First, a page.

The source added: “A company owned by Mrs. Jonathan is Magel Resort Ltd. It was incorporated by Mrs. Jonathan’s late mother. But Patience Jonathan became the sole signatory to the account of the company by board resolution upon the demise of her mother.

“The EFCC is probing the circumstance in which the firm though registered as a resort agency secured over N200m IT contract from the National Information Technology Development Agency.

“The contract was allegedly funded through the National Information Technology Development Fund.”

Several other persons under investigation for money laundering by the anti- graft agency were discovered to have made payments into the company’s account.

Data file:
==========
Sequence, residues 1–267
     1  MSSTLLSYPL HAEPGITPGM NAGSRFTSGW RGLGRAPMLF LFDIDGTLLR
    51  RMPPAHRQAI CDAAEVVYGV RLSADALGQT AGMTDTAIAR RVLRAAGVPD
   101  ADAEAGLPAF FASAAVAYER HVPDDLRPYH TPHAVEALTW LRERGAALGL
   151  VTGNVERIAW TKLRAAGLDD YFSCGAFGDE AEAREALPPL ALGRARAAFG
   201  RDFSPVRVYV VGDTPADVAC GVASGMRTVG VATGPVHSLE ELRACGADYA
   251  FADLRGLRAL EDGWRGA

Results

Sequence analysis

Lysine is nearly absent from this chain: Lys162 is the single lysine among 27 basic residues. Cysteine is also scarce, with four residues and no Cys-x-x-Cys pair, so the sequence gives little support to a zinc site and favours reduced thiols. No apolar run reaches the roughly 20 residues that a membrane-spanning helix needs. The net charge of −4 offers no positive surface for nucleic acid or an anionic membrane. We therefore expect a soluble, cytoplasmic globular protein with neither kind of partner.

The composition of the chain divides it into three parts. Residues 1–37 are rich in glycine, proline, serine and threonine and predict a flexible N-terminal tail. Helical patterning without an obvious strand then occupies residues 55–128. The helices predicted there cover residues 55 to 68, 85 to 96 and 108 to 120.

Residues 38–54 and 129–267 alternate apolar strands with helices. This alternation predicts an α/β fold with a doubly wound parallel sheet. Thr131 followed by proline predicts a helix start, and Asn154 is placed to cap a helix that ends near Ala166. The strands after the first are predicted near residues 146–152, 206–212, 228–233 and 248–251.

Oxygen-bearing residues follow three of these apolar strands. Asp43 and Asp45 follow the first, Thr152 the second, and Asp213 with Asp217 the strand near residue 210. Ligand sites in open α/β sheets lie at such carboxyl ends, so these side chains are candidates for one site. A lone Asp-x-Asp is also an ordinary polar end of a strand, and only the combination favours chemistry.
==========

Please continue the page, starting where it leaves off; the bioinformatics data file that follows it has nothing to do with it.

Some of them, including a hotelier in central area, Abuja, have been invited for questioning.

“The total sum allegedly laundered through the account of Magel Resorts Ltd run by Mrs. Jonathan and her late mother is N2.114billion.

“Also allegedly laundered by the former First Lady through the account of Lawari Furniture and Baths Ltd is N1.140billion. The company’s address is given as 100 Akamfa Road, Yenagoa, Bayelsa State. The bulk of the money was deposited by Bureau de Change operators.

“The BDC operators have already been invited by the EFCC for questioning.

EFCC sources said that the addresses of most of the companies were discovered to be fictitious as mails sent to them were returned undelivered.

Ariwobai Aruera Reach Out Foundation, an NGO, was discovered to have various accounts but the principal account is domiciled in Diamond Bank.